Think About the Bubbles (multiple issues) by Joyce Hatton
“#8 A illustrated zine about my breast cancer journey, getting sober, depression, my suicide attempt, homelessness, and how breast cancer ended up making my life really awesome. #9 I went on the POC Zine Project Race Riot Tour. I learned a lot about racism, internalized racism, and how living my life in North and South Dakota has affected me. #11 A story about my lifelong BFF named Anxiety, and our destructive relationship. Lots of illustrations. #13 Mental health things, my relationship with my mother, purse-clutching, and birds. Also cancer, the Simpsons, and videogames. #14 A short comic about mental illness and isolation. Contains surreal and potentially disturbing imagery.” Read in a library or buy from the author.

“Unhealthy” : on coping with pain in socially inappropriate ways by Mika
Mika, a childhood sexual abuse survivor, challenges the recommended compulsory positivity approach to coping with personal and external (e.g., massive earthquake in Japan) trauma and instead argues that there is no “healthy” or “unhealthy” way to cope. She outlines her personal, albeit controversial, strategies, including lowering her expectations, thinking about her own irrelevance in the world, pondering the practicality of suicide after her own failed attempt, and affiliating with Buddhism. This zine is issued with a trigger-warning.

Wax and Feathers, by members of The Icarus Project
“In expressing our feelings, insights, and ideas about madness and the world around us we hope to inform and inspire others. The stories told by the psychiatric establishment, pharmaceutical industry, and the mainstream media all to often overshadow our own. By sharing our stories with others we can reclaim the right to define ourselves and our experiences. We choose to honor our uniqueness and complexity by letting our voices be heard.” Download from the Icarus Project.

self-care zines
The bad day book by LB Lee
“Made to be folded up and put in your wallet, this is a little pocket zine intended for general mental health crisis situations–dissociative episodes, psychotic episodes, suicidality, stuff like that. Obviously, this is not a replacement for a thorough crisis plan, just a quick and dirty resource for when you’re not thinking clearly.” Buy from the author.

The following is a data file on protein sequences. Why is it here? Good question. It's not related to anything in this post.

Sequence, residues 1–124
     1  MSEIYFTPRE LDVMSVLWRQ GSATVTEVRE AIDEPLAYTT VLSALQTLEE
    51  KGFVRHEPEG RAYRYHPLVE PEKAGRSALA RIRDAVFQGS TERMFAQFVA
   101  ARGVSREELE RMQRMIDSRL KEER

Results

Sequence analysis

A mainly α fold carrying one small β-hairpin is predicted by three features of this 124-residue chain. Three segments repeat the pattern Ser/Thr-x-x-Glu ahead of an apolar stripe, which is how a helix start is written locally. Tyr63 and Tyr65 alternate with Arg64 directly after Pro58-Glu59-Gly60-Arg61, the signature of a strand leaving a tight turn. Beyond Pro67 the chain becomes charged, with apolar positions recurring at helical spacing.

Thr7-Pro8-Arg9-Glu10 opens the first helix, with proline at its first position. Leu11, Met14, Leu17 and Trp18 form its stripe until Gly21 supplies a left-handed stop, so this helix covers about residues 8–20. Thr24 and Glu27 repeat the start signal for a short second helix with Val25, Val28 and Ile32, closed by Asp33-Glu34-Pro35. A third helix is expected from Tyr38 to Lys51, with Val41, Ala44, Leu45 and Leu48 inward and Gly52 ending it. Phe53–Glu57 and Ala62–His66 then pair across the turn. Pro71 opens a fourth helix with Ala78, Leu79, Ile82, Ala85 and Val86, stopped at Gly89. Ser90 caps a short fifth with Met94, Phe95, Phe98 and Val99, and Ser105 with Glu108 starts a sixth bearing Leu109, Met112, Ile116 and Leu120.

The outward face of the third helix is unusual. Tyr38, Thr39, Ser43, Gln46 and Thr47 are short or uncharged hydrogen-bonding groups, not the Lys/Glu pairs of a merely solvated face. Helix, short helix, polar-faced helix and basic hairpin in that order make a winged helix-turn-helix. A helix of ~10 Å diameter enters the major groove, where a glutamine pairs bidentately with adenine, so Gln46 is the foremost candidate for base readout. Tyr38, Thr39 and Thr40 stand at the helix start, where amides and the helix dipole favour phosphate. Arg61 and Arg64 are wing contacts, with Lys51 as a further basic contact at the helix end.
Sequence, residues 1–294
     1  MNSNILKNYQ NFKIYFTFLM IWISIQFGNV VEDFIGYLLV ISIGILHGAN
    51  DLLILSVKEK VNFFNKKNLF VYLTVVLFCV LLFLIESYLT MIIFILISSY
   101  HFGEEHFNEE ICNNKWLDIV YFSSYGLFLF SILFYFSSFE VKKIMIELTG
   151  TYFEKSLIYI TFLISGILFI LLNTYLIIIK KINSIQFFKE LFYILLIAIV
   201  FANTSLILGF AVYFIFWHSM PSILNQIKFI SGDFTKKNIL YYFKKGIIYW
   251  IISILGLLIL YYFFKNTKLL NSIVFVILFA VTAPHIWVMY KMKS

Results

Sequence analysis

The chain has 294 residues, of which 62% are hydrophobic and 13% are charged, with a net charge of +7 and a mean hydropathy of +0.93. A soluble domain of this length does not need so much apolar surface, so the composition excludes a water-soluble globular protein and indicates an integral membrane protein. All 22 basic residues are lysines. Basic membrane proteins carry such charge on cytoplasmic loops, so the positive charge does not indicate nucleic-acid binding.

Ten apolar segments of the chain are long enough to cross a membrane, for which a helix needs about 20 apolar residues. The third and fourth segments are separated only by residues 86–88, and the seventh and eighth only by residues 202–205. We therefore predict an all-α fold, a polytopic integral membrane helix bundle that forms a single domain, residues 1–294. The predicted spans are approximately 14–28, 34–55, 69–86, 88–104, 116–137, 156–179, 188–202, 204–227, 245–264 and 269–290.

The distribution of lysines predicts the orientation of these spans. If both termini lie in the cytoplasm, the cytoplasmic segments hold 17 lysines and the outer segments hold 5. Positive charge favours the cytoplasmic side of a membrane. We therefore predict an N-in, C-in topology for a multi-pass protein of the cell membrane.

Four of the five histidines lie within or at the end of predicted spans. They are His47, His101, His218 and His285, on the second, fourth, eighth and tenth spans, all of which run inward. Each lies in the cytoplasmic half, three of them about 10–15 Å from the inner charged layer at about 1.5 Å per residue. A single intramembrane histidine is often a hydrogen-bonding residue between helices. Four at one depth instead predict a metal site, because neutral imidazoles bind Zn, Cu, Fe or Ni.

Ease your mind: herbs for mental health, by Janet Kent
This zine serves as “a primer on the use of medicinal herbs to support mental health.” Arranged by symptom rather than by plant, each entry includes the plant’s common and Latin name, and a description of what kinds of symptoms or emotional states they are best suited to address, including anxiety, depression, grief, and insomnia. Includes a section on dosage and contraindications, a glossary, bibliography, and a brief overview of how to make teas, decoctions, and tinctures. Read in a library, or buy from the author.

Eat this sandwich by LB Lee
“Made to be folded up and put in your wallet, this is a little pocket zine intended to fight restriction urges–the psychological compulsion not to eat. Obviously, this is not a replacement for a thorough treatment plan, just a quick and dirty resource for when you’re having trouble getting food into your face. Methods true and tested!” Buy from the author.

Feeling worthless? by LB Lee
“Made to be folded up and put in your wallet, this is a tiny little pocket zine intended to help deal with… well, feelings of worthlessness.” Read in a library, or buy from the author.

The worth of water: a compzine about self-care, edited by Sarah Rose
This compzine provides articles on stress relief activities and self-care. Contributors in their 20s and 30s talk about their love for John Waters films, making films, activist burnout coping techniques, and overcoming addiction. Contributors include Sage Adderly (Tattooed Memoirs), Sarah Arr! (Tazewell’s Favorite Eccentric), Laura-Marie (Functionally Ill), JC (Tributaries), and others. The zine also includes recipes, illustrations and a list of resources. Read in a library.

Other fantastic lists of mental health zines available at: https://bitchmedia.org/article/cut-paste-zines-about-mental-health-and-self-care AND http://www.soularbliss.com/2012/07/31/radical-self-care-and-community-care-zine-resources/